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Engineering and Computer Science

Image Recognition and Restoration

Image Recognition and Restoration

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The framework of this book is the digital restoration of images, that is, the process which recovers an original image that has been degraded by issues of the acquisition system: blur and noise. The main differences in this restoration in relation to other fields of image processing such as improvement and reconstruction of images are addressed. The book is suited for advanced students in the fields of photography, computer science, and forensics, as well as practitioners, researchers or individuals for self-study.

A biometric recognition system that uses as a biometric feature a static digital image of the human face is developed. Detecting and recognizing human faces in photographs and video sequences is an increasing problem in the field of computer vision, and there are many practical applications at present, such as surveillance, videoconferencing, access control, etc. The objective is to return as a result the five people in the database which most resemble the person of the test image.
The problem of face recognition can be divided into two phases: Detection of the face within the image and recognition. The detection phase is mainly based on the detection of skin in the image. Subsequently, a selection of candidate skin regions to be expensive and validated through "maps" of eyes and mouth. In addition, an alternative system of face detection, if the previous method has not detected any. This method takes the largest region of skin found in the image and generates an ellipse with its characteristics to return as face the part of the image that coincides with the ellipse.
In the recognition phase the areas of the detected images are taken as persons. PCA is used to extract the characteristics that represent the images. These characteristics are then used to train and simulate neural networks. With the outputs of the neural networks, the images of the database that most closely resemble the face of the test image. The evaluation of the implemented system shows the great influence of the type of images used for recognition, with much better results when the images meet certain characteristics.
The framework of this book is the digital restoration of images, that is, the process which recovers an original image that has been degraded by imperfections of the acquisition system: blur and noise. Restoring this degradation is a problem poorly conditioned because the direct investment by least squares amplifies the noise at high frequencies. Therefore, regularization is used mathematics as a means to include a priori information of the image that it achieves to stabilize the solution. During the first part of the report a review of certain state-of-the-art algorithms, which will later be used as methods of comparison in the experiments.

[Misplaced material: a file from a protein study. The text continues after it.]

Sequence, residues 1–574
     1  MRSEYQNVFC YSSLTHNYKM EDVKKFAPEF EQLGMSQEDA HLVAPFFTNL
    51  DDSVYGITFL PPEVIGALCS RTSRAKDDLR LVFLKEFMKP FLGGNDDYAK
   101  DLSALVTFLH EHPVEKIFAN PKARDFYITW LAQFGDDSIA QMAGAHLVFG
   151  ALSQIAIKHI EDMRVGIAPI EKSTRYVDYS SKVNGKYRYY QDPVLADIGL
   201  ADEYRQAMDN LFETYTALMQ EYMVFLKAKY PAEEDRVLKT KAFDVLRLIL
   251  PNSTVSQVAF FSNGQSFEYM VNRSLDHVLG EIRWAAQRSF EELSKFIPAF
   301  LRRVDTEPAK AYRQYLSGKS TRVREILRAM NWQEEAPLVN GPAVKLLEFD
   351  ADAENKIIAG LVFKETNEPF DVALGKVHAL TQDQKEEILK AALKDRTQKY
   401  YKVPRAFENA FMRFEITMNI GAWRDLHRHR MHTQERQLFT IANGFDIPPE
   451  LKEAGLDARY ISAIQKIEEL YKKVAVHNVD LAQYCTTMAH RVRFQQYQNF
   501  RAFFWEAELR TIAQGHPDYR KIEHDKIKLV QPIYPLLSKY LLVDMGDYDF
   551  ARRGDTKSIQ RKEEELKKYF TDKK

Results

To solve the problem of regularization, the restoration of images has prerequisites. In the first place, it is necessary to behavior of the image outside its borders, due to non-local ownership of the convolution modeling degradation. The absence of border in the restoration gives rise to the artifact known as boundary ringing. In the second one, the restoration algorithms depend on a significant number of parameters divided into three groups: parameters with respect to the degradation, noise and the original image. All of them need to estimate a priori sufficiently precise, because small errors with respect to their real values produce significant deviations in restoration results. The problem border and sensitivity to estimates are the objectives to be resolved in this book using iterative algorithms.
The first of the algorithms addresses the border problem starting from an image truncated in the field of vision as real observation. To solve this no linearity, a neural network is used that minimizes a defined cost function mainly due to regularization by total variation, but not including any type of information on frontiers or require prior training.
As a result, a restored image without ringing effects is field of view and in addition the truncated borders are reconstructed until the original size. The algorithm is based on the technique of retro-propagation of energy, with that the network becomes an iterative cycle of two processes: forward and backward, which simulate a restoration and degradation for each iteration.
Following the same iterative concept of restoration-degradation, a second algorithm in the frequency domain to reduce dependence with respect to parameter estimates. For this, a new filter of desensitized restoration as a result of applying an iterative algorithm on an original filter. Studying the sensitivity properties of this filter and establishing a criterion for the number of iterations, we arrive at an expression for the desensitization algorithm particularized to the Wiener and Tikhonov filters.
The results of the experiments demonstrate the good behavior of the filter with respect to noise-dependent error, making the estimate that is made more robustness is the one corresponding to the parameters of the noise, although desensitization is also extended to other estimates.

Ivan Stanimirovic

Ivan Stanimirovic

Ivan Stanimirovic gained his PhD from University of Niš, Serbia in 2013. His work spans from multi-objective optimization methods to applications of generalized matrix inverses in areas such as image processing and computer graphics and visualisations. He is currently working as an Assistant professor at Faculty of Sciences and Mathematics at University of Niš on computing generalized matrix inverses and its applications.